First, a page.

From the top of BBC TV Centre’s East Tower in White City — the building where Blue Peter and Play School were made — you can see the future of London. The buildings below, once a monocultural fortress for Auntie Beeb, will soon become a mini-metropolis of 950 apartments, a new club and 50-room hotel from Soho House (complete with rooftop pool), as well as three refurbished TV studios and offices for BBC Worldwide and 300,000 other “creatives”.
Further north are the modern offices of BBC Digital, and beyond them Old Oak Common, itself set to become a mini-city once Crossrail arrives. The world’s largest “co-living” space, The Collective, opened there in May, offering 551 minimal, serviced living spaces around shared communal areas as an alternative to traditional rental models.
On the other side of Wood Lane, the mind-bogglingly vast, 25-acre, £3 billion new campus where Imperial College plans to “invent the future through science and engineering and medicine” — as Professor David Gann, Vice President (Innovation) puts it — stretches north beyond the A40. To the east, the new phase of Westfield shopping centre — already one of the top five tourist destinations in London, with 28 million visitors a year — is under construction, and a site occupied by M&S warehouses is to become 1,480 new homes by developer St James.
Out of sight, beyond the A3220, are the headquarters of early White City adopters such as Mario Testino, Stella McCartney and Monsoon. To the south lie the huge new developments at Earl’s Court and Chelsea Harbour. Dalston can do one, and Hackney can hack off — west is best again, and W12 in particular has got its mojo back.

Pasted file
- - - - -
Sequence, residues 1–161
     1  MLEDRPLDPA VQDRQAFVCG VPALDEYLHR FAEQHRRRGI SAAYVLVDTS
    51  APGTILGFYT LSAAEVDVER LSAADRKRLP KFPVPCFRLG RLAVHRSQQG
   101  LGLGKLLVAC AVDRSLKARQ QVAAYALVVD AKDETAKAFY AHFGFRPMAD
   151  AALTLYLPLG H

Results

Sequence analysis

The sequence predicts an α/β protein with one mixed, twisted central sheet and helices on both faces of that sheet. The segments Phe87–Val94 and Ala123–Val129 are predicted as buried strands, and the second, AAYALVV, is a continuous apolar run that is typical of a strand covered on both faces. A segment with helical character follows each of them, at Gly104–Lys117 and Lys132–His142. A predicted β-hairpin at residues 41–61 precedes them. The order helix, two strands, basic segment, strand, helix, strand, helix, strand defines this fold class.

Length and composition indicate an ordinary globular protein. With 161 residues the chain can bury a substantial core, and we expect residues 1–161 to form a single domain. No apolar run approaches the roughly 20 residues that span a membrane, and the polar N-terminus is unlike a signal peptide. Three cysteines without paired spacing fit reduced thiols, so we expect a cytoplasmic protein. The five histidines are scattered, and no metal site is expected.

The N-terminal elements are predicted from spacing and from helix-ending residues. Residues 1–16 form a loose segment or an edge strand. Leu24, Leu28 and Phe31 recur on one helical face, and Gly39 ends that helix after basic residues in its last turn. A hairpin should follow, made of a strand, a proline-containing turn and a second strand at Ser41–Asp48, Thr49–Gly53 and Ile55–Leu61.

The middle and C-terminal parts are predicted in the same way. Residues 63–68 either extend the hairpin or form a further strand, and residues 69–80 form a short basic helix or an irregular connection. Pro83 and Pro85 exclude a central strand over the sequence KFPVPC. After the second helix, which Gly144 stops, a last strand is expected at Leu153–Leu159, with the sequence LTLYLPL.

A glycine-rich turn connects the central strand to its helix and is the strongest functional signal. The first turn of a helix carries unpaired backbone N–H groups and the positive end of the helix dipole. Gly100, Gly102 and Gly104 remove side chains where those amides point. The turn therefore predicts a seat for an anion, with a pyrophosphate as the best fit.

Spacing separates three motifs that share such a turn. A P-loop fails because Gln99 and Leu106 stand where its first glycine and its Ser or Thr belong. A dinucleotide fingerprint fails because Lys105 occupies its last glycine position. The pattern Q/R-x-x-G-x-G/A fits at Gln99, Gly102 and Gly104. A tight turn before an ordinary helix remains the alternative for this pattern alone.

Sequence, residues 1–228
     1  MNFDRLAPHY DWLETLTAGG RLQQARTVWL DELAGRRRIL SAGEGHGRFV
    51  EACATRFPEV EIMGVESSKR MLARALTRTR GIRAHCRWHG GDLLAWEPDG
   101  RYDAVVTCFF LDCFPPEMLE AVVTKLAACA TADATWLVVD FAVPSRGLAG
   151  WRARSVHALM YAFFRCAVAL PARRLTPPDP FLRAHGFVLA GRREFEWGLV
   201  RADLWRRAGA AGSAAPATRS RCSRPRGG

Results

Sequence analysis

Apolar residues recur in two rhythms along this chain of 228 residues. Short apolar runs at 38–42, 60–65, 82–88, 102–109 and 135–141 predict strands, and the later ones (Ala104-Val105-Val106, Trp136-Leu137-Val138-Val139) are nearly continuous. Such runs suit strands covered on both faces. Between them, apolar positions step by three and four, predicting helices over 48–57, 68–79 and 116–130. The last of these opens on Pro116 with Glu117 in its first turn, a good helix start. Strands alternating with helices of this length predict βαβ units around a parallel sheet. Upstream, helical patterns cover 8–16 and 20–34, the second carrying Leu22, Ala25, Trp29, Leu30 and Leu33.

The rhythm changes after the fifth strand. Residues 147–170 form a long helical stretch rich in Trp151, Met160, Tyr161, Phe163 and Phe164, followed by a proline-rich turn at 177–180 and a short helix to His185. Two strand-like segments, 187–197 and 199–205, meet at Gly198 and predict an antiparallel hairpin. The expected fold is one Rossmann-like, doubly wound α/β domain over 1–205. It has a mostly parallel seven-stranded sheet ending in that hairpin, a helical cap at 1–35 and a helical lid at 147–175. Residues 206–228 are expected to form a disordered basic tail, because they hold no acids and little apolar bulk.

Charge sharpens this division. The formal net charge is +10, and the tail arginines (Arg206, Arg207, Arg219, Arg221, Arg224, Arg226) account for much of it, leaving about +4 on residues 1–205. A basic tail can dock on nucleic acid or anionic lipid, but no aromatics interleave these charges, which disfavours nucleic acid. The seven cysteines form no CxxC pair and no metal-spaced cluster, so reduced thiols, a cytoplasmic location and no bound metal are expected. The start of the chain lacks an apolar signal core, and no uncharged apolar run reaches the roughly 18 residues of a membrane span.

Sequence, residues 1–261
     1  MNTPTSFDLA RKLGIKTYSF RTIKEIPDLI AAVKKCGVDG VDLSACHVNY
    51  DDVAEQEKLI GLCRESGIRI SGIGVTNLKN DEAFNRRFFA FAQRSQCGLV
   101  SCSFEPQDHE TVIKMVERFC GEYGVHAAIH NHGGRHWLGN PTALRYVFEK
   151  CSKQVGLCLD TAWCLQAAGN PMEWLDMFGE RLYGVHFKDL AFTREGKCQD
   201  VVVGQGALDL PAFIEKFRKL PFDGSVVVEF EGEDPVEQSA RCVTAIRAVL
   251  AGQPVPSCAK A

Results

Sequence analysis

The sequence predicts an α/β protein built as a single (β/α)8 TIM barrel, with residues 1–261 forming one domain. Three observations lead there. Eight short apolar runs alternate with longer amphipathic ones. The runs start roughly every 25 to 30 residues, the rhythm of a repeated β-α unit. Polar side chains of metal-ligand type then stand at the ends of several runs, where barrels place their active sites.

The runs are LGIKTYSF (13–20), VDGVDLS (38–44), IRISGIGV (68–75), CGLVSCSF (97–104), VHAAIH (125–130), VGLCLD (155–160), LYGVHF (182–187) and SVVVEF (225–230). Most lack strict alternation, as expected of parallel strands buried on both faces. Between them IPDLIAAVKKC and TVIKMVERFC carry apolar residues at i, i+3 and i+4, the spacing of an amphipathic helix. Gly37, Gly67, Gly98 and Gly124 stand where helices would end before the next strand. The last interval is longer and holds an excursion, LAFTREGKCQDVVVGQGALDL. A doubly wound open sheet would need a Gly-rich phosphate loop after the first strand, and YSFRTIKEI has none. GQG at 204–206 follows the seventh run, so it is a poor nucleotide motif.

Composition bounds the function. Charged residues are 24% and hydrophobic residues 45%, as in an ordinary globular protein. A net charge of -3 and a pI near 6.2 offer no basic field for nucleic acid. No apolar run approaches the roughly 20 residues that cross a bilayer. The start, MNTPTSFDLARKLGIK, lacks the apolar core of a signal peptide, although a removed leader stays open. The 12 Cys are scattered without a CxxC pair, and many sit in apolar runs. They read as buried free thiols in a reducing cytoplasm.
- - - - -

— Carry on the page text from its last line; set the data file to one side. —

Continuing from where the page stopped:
One of the reasons for this is geographical. While most brownfield or redundant industrial land is in south or east London, there was a swathe of backland (railway yards, storage facilities, power stations) stretching from Chelsea Creek up to Old Oak, following an old river course. This area is generously shot through with transport: the A40 and M4, a cluster of Tube and bus stations giving quick access to the West End, easy links to Heathrow and now Crossrail landing at Old Oak.
“Holland Park and Notting Hill are next to us, nice parts of Hammersmith are next to us,” says Paul Monaghan of AHMM Architects, which is helming the TV Centre development. “There are two Tube stations and the most successful shopping centre in Europe. It’s amazing it’s taken so long for this area to take off.”
Soho House’s Nick Jones says: “I feel strongly that the whole area will pop and change dramatically over the next few years. Just like Shoreditch used to be, White City was thought of as quite dodgy, but it’s changed. And when a building like the TV Centre becomes available, it’s hard to turn it down.”